When it comes to gauging the health of your business, you know the importance of having and tracking your company’s key performance indicators. But as times change and the economy fluctuates, you need to make adjustments. Looking ahead, are your current benchmark numbers really the ones you ought to use? We searched for benchmarks covering operations, customer satisfaction, marketing, and social media and the Web. These numbers, gleaned from industry experts working with many of the nation’s top remodeling companies, can be used as lagging indicators as well as leading indicators—guides from which you can create goals for your own company. As industry consultant and REMODELING columnist Shawn McCadden says, “Use benchmarks to create a reference point and establish goals for what you want to accomplish, and to figure out a plan for how to get there. Then look back and ask, ‘What is the message my benchmarks are telling me from year to year?’”


Victoria Downing, president of Remodelers Advantage Roundtables (RAR) and a Remodeling columnist, sees the following numbers as the important benchmarks to track. They are gathered from a group of successful remodeling company owners who follow best practices and strive for professionalism in all aspects of their business.

Owner’s compensation: 18%

An often heard rule of thumb about owner’s compensation is that it should be 10% of revenue. The average for these RAR members is higher. If you compare yourself to other similar businesses to reach the bar they set, it’s important to understand how they arrived at that particular number. For compensation, RAR looks at “The combined net before bonuses—you have to earn it before you give it away—plus the salary or dividends or draws, that is, however [owners may] take out their own compensation.” RAR’s stretch goal is 20% of revenue going to the owner, Downing says. “Our members should earn enough to take an above-average owner’s salary and get a good return on their investment, which is net profit.”

On track to meet X% of budget: 115% It’s important to know whether you’re going to meet your financial goals. At this point, the RAR group was ahead of budget. If they continued at this rate they would produce 115% of what they had budgeted. Tracking your progress and knowing where you stand with regard to that goal helps you determine what you need to keep doing or stop doing.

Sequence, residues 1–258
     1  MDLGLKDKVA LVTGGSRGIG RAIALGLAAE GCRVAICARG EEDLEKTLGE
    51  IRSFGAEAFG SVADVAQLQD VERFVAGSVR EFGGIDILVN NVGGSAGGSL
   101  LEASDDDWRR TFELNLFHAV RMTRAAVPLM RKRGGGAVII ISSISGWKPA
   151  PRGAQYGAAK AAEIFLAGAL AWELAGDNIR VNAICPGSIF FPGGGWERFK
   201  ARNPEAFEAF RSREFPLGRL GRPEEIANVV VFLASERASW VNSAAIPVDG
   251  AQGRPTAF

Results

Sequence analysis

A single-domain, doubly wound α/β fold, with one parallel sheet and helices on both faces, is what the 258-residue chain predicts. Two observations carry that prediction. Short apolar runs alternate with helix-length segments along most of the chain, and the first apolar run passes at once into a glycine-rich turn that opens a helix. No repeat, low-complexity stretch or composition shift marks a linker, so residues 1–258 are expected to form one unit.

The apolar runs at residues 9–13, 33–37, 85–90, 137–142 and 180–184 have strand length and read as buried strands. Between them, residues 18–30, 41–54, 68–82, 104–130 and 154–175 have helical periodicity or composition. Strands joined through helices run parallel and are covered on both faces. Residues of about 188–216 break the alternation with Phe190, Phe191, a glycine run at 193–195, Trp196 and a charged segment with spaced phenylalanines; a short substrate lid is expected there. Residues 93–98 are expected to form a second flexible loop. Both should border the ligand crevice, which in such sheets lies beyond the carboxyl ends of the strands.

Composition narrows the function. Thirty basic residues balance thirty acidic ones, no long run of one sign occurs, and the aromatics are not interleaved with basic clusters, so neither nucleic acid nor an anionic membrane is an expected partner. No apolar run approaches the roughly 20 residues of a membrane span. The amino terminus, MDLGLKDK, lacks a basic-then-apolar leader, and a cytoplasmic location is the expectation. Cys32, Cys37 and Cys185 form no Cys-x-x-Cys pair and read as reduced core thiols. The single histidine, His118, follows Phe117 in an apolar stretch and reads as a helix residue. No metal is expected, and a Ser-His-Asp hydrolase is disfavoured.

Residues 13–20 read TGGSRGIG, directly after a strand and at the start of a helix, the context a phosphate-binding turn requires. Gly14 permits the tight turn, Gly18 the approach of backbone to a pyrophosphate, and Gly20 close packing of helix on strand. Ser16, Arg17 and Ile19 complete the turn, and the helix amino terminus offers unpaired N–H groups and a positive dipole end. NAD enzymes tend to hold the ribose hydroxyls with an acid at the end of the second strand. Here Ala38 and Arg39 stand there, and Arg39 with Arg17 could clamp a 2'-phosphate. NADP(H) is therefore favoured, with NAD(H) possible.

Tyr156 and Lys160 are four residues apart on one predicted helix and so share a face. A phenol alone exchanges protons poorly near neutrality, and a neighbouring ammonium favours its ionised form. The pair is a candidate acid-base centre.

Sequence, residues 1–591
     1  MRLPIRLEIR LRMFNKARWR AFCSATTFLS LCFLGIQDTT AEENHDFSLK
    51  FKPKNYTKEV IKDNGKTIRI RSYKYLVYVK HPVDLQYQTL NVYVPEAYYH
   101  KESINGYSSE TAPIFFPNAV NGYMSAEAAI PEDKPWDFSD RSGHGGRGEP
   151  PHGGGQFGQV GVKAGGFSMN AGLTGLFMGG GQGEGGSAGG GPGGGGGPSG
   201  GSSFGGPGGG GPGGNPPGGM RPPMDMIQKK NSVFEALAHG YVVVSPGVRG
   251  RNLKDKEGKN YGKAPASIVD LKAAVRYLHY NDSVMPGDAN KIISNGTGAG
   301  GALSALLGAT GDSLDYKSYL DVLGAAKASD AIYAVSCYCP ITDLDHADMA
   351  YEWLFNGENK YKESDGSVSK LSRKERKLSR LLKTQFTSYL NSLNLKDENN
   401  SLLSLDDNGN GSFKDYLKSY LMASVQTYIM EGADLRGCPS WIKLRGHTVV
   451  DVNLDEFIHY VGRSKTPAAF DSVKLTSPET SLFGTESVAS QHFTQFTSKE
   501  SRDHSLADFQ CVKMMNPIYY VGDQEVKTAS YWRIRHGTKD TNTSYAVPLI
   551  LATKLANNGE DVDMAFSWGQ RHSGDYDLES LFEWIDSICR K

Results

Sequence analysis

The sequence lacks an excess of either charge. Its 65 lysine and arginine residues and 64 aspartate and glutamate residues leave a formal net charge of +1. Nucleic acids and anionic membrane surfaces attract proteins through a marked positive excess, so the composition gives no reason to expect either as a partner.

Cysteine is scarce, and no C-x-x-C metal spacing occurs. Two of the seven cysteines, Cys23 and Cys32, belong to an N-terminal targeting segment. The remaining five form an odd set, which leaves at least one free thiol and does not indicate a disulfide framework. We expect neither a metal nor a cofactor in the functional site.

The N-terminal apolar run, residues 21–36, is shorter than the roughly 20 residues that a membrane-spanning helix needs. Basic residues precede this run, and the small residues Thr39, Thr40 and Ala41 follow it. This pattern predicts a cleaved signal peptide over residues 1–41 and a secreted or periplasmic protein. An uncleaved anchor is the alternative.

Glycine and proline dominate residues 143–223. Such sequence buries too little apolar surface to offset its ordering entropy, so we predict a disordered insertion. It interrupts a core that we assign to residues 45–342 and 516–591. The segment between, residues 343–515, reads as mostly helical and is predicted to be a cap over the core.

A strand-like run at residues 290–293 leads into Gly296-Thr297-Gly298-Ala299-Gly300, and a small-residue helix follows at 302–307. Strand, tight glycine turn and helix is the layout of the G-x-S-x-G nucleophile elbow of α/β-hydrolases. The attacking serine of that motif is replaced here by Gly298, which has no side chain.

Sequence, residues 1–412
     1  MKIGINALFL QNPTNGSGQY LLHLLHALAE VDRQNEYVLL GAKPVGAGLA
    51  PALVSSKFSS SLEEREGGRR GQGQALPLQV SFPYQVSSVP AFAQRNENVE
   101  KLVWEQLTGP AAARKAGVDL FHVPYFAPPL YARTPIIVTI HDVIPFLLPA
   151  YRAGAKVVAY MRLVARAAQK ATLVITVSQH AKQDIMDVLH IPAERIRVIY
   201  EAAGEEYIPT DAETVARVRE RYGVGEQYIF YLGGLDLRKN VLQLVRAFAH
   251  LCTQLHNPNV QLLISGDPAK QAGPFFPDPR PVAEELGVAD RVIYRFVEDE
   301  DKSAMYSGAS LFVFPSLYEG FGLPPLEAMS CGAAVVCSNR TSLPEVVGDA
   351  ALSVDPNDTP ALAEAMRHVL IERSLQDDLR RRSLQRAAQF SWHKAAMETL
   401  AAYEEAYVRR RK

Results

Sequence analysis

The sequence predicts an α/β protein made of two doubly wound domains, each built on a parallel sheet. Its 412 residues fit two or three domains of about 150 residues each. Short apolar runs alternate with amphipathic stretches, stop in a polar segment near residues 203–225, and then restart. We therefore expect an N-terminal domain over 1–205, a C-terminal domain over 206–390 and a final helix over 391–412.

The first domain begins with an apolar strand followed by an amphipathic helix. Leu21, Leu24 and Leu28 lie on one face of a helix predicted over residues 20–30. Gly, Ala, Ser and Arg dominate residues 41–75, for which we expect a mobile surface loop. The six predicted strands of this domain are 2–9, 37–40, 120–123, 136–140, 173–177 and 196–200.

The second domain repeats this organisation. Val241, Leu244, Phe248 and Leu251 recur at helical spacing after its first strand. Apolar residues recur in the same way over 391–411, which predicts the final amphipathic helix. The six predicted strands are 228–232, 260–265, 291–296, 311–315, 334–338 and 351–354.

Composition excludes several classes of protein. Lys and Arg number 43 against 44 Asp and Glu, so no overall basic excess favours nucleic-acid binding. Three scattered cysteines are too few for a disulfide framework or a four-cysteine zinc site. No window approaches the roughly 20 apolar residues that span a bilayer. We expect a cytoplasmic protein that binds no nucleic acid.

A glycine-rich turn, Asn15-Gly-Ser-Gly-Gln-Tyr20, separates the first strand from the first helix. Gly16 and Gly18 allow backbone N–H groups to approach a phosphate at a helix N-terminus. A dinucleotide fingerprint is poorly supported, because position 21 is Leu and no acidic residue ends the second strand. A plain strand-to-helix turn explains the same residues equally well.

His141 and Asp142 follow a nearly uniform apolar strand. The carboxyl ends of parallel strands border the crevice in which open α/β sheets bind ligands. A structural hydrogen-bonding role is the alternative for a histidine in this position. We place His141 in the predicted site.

Cost of goods sold: 65%
Gross profit %: 35%
Overhead expenses: 24%
Net profit: 11%

Look at COGS, GP, and overhead, Downing says, to see if you’re going to be on budget and hitting the percentage that you planned for. “There is not any one ‘right’ percentage,” she adds. “These are measuring tools. Overhead expenses can be 40% if you can come out at the bottom with a net profit of 8% to 10%. That’s the real scorecard. It gives you the equity to buy equipment, build your business, and reward employees.”

You also want to look at your slippage (the difference between your estimated and actual costs). “What’s acceptable is 2% of the job cost one way or the other. You want to be accurate,” Downing says.

For Remodeling’s Big50 class of 2013, average gross margins for 2012 were around 33% and net profits were roughly 9%. That’s not only the best showing for any Big50 group since 2006, it also knocks the socks off of the 26.8% margin and 3% net profit recorded in the 2012 National Association of Home Builders Remodelers’ Cost of Doing Business Study. Gross profit within the 2013 Big50 group ranged from a low of 12.5% to a high of 59.3% and a median (half above, half below) at 32.8%, while the range for net profit was from a negative 1.2% to a robust 25.6%. The median point was 7.3%.

Quick Ratio: 1.37
Current Ratio: 1.70

The quick ratio equals accounts receivable divided by current liabilities; 1.37 means that the average for these companies is $1.37 of liquid assets to every $1 of current liabilities. The Current Ratio is all current assets divided by current liabilities. You want to have $1.50 to $2 for every $1 of liability.

The CR tells you—if you had to close down your business tomorrow—whether you would end up with cash or owing money. “You don’t want [the current ration] to be less than one. It gives you a low liquidity ratio—the stuff banks look at if you want to take out a loan,” Downing points out. “If it’s too big, say 5 to 1, you should think about taking money and putting it outside of the corporation. If someone sued you, for example, you’d have a lot of cash and liquidity.”

Percentage of raw leads to new prospects: 59%
Close ratio: 35%
Construction contracts: 24
On track to meet % of budget: 111%

When setting lead benchmarks, you have to define for yourself what a lead is. RAR defines “raw leads” as anything from online and calls that come in, including referrals. These top remodelers deem 41% of their leads as unworthy and turn 59% into appointments. The close ratio is defined as construction contracts divided by the number of new prospect meetings. About 1 in 5 leads turn into actual construction contracts.